The Boston Globe
On a bicycle built, and run, by many
By Kimberly W. Moy, Globe Correspondent
When Heather Clark and Matthew Mazzotta set out to come up with the craziest art project they could think of, little did they know the company they would be keeping, both real and virtual.
Since hatching their idea more than six months ago for a ''busycle," a human-pedaled bus, they've received advice from engineers in the Netherlands and South Africa, a mechanic from Australia, a bicycle sculptor from Baltimore, university professors, Boston-area bicycle clubs, and a junkyard scavenger and tinkerer who has appeared on the British television program “Junk Yard Wars”. A pastry chef has volunteered time on weekends.
Even the City of Boston called them up, eager to see the funky-sounding contraption recruit riders from various neighborhoods and participate in fall bicycling and other events.
''Basically the whole project has come about because of the Internet," said Clark, 27, a Brookline resident who manages affordable housing projects.
''The second we said, 'Let's build something with bicycles and engineering,' the whole community came out like a roaring river," said Mazzotta, 28, a Jamaica Plain carpenter.
Thinking they had invented the concept, the artists -- who had no engineering experience and little metalworking skill -- received e-mails alerting them to earlier human-powered vehicles. The Dutch have several, including a beer bike, with a movable bar.
But Clark and Mazzotta, who have been friends since collaborating on a high school art project a decade ago, say the project combines several interests: environmental sustainability, use of recycled materials, and community interaction. ''In terms of symbolism, the concept of converting an existing vehicle to pedal power is pretty exciting," Clark said.
''We're interested in grass-roots activism and people coming together and making change in their communities," she said. ''We're also interested in people challenging themselves to come up with different solutions, being sustainable, being less reliant on foreign oil, having a more positive environment for children to grow up. And just how do you have more fun?"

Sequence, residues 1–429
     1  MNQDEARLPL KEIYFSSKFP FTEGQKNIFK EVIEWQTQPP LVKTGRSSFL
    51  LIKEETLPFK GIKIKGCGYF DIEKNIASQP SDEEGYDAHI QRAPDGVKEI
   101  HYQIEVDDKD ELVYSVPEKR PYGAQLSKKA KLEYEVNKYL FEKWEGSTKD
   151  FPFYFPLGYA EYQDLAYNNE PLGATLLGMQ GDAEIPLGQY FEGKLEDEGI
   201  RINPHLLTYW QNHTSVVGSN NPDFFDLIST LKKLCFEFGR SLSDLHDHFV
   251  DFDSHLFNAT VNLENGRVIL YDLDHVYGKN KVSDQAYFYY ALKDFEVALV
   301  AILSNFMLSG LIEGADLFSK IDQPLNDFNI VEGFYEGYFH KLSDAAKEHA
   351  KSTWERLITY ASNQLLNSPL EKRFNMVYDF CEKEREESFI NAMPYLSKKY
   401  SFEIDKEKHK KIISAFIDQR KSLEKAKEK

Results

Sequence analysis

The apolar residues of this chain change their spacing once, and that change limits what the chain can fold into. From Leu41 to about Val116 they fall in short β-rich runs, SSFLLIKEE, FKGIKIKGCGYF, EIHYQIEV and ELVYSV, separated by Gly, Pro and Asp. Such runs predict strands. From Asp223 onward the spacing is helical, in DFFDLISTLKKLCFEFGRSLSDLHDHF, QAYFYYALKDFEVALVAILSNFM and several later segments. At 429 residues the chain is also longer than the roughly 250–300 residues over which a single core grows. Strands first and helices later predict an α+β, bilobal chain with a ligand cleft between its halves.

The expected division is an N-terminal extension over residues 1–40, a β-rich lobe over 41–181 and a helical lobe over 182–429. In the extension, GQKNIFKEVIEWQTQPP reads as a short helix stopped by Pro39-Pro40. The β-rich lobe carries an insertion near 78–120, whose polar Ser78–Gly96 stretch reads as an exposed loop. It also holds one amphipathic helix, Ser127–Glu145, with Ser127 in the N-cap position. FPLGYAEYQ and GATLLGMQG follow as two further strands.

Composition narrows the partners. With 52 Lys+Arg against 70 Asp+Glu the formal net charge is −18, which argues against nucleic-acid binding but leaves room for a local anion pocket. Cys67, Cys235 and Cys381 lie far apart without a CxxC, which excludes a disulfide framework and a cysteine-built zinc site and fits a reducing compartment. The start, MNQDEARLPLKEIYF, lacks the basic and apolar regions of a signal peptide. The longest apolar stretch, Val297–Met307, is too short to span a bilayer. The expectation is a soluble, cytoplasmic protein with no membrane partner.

On a practical level, the busycle might have a hard time competing with other forms of transportation. It will probably manage 13 to 15 miles per hour on level ground and three-quarters to to 1 mile per hour up a modest hill of, say, 5 percent grade, said Jeff Del Papa, a self-described ''natural scrounge" involved in the project.
''I wouldn't go up Beacon Hill," said David Gordon Wilson, an MIT mechanical engineering professor emeritus of mechanical engineering and author of the book ''Bicycle Science." ''I mean, they could do it, but it wouldn't be very exciting. People would be walking by you . . . "
Harnessing the energy of 14 bicyclists and a driver to tool around town on the frame of a van was ''quite an engineering problem," because of the weight of the vehicle and the people, said Wilson, who has served as one of the team's advisers. He and other engineers recommended finding a transmission that could provide very low gears, such as those used in many pickup trucks.
''We decided the driver is only responsible for steering and brakes, because that's pretty important," Clark said after showing a short film at a sneak preview at a Cambridge bar in late July, as a crowd of 100 chuckled.
Beyond sweating out the engineering, though, the project has been an organizational feat, with materials, space, and people to sort out on a deadline, Mazzotta said: ''It was like starting a business from scratch in one month.
The last Sunday in July signaled a small victory, with the arrival of a newly found truck transmission that afternoon, though otherwise it was a slow day, filled with calculations and measurements at their donated workspace at Sparqs Industrial Arts Club in Woburn.
Having spent $100 on the transmission, $20 on a master brake cylinder, ''plus a lot of pizza," Clark said, the cocreators have been relying on lots of donated parts, including the 3/4-ton van.
Volunteers have helped with everything from brainstorming the design to alerting the pair to the Woburn studio space.
''I was starting to offer certain things -- and I hadn't even met the guy," Dave Martinez, a bicycle and pedicab mechanic, said of his initial enthusiastic conversation with Mazzotta.
''I'm reminded of [Alexander] Calder, who would build a maquette and give it to a structural engineer, who'd figure out how to build it," Del Papa said. ''This is a time-honored system."
On that Sunday, Del Papa split his time between readjusting the brake pedal and working with the crew to design a set of recumbent seats. The adjustable seats should allow children to ride as well, Mazzotta said at the sneak preview.
The team has been trying to expand its volunteer circles even further, by recruiting people to ride the busycle and to provide ideas for routes.
The busycle is also a metaphor for larger themes, including its use of found and donated items and asking for help from neighbors and friends, said Meg Rotzel, director of the nonprofit Berwick Research Institute in Roxbury, which has supported the project through a stipend, artistic feedback, and publicity.
''It'd be very difficult to ride the busycle without 14 other people riding with you, both in body and mind," she said.
For more information, see www.busycle.com and www.hubonwheels.org. The busycle is scheduled to participate in the Hub on Wheels event at Franklin Park today, and today's parade celebrating Boston's 375th birthday.